Bitcoin has surged to a record high amid rising interest from investors and claims that the volatile cryptocurrency is on the way to becoming a mainstream payment method.
Having quadrupled in value during 2020, bitcoin began 2021 strongly by breaking through the $30,000 (£22,000) mark for the first time, less than three weeks after first trading above $20,000.
On Sunday, it hit a new high of more than $34,800, on the 12th anniversary of the bitcoin network being created.
Bitcoin’s rapid climb has rekindled memories of previous parabolic rallies and crashes. During 2017, it leapt from about $1,000 to peak over $19,000, before tumbling to below $4,000 by the end of 2018.
But this latest rally comes as some financial institutions show growing interest in bitcoin as an asset class, and as its supporters argue that it is supplanting gold as a store of value.
“The number keeps going up as the market has seemingly never been more bullish,” said Paolo Ardoino, the CTO of cryptocurrency exchange Bitfinex. “We see a very bright future ahead for all bitcoin holders.”
With the US dollar at its lowest level since spring 2018, advocates of cryptocurrencies claim they protect against inflationary money-printing by central banks, which launched unprecedented stimulus programmes last year amid the Covid-19 pandemic.
“Some will argue that there is more to come from both gold and bitcoin, especially if governments keep piling up debts and central banks do their best to fund that borrowing through the backdoor with quantitative easing, zero interest rates and bond yield manipulation, thanks to the scarcity value relative to cash,” said Russ Mould, the investment director of UK investment platform AJ Bell.
“Others will argue neither gold nor bitcoin have intrinsic value, as they do not generate cash,” he added.
Bitcoin received a boost from PayPal last autumn, when the bank announced it would allow customers to buy, sell and use the cryptocurrency. Analysts said this could be driving the price surge, by creating a shortage as PayPal buys up newly created bitcoins.
There are more than 18m bitcoins in existence, created by the miners who provide the computational power underpinning the blockchain, which records transactions made using bitcoin. The system has a hardwired maximum of 21m coins.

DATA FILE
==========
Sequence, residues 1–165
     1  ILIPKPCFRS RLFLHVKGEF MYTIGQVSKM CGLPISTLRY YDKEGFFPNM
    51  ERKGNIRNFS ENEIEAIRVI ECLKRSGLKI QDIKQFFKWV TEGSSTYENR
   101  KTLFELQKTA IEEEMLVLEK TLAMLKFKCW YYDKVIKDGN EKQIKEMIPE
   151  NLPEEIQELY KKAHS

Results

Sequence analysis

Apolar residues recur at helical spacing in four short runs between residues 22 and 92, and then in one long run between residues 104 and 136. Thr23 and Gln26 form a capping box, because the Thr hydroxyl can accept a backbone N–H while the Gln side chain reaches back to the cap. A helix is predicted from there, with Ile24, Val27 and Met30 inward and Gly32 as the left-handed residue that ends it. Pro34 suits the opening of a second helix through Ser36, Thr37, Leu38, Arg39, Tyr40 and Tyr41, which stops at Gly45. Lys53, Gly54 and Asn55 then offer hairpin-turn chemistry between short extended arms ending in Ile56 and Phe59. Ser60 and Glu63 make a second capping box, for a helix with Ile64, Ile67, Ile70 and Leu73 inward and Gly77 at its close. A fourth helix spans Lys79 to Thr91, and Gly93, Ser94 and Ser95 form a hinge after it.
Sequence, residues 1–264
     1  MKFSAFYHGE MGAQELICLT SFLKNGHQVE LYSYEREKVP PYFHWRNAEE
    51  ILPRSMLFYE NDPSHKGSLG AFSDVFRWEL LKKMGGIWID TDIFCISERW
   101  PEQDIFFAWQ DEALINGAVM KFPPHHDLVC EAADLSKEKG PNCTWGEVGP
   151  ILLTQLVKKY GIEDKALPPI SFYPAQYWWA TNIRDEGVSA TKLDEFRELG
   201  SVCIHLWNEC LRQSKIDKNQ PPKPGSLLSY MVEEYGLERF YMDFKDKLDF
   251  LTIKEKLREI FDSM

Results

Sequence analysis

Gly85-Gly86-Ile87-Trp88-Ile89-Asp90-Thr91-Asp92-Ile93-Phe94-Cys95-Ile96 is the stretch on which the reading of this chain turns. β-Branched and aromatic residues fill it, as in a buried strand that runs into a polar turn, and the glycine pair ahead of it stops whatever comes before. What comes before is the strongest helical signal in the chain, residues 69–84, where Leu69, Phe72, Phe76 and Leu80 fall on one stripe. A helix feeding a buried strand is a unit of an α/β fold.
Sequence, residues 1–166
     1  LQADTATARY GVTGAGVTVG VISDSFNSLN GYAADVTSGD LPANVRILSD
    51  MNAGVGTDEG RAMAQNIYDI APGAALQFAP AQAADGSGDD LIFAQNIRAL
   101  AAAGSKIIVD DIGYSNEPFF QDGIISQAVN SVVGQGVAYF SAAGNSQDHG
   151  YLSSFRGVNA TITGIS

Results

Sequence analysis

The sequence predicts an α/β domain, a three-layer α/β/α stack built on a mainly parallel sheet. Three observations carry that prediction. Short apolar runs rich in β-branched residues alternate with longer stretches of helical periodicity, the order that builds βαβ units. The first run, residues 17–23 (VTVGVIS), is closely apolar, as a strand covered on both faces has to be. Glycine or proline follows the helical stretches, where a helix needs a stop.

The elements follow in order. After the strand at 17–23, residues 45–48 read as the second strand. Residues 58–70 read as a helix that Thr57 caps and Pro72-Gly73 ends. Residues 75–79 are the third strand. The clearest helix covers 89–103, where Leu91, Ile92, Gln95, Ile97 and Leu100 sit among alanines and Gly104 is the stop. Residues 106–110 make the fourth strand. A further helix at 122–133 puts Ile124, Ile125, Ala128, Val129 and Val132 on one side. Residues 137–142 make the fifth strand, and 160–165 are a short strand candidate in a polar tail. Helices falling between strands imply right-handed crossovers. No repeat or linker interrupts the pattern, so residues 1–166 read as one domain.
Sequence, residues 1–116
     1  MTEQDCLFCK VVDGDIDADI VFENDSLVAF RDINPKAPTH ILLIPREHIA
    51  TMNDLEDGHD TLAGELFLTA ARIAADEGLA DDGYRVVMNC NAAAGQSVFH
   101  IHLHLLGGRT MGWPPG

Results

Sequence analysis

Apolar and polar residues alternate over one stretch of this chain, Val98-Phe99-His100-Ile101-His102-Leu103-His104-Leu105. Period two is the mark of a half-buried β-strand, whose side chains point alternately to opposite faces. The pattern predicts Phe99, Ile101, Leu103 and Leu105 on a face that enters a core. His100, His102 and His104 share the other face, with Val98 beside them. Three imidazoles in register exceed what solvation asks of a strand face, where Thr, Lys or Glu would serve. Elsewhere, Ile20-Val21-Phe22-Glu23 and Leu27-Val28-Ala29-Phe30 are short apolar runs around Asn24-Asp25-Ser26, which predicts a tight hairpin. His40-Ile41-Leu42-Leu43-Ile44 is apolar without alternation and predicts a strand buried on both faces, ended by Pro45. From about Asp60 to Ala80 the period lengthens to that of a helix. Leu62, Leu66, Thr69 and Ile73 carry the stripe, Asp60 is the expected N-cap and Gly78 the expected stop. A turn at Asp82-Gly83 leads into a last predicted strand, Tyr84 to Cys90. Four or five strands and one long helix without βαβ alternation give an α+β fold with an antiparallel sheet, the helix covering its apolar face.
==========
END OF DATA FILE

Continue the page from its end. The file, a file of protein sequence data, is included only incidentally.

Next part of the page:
Sunday’s latest record high came 12 years to the day after Satoshi Nakamoto, the pseudonymous creator of bitcoin, created the first entry in the bitcoin blockchain.
This “genesis block” included a headline from the 3 January 2009 edition of the Times, reading: “Chancellor on brink of second bailout for banks”.
City firms have shown more interest in bitcoin recently. In December, the UK investment management firm Ruffer said it held £550m in bitcoin, as a hedge to the risks in a “fragile monetary system and distorted financial market”.
The hedge fund managers Stanley Druckenmiller and Paul Tudor Jones have also backed bitcoin as a financial asset. Druckenmiller argued that it could have “a lot of attraction as a store of value to both millennials and the new west coast money”.
Sceptics warn that the crypto boom could be heading for trouble. The economics professor Nouriel Roubini, a long-time critic of bitcoin, insists it has no intrinsic value.
“The price of bitcoin is totally manipulated by a bunch of people, by a bunch of whales. It doesn’t have any fundamental value,” he told Yahoo Finance just before Christmas. “We’re close to the point where the hyperbolic bubble is going to go bust.”
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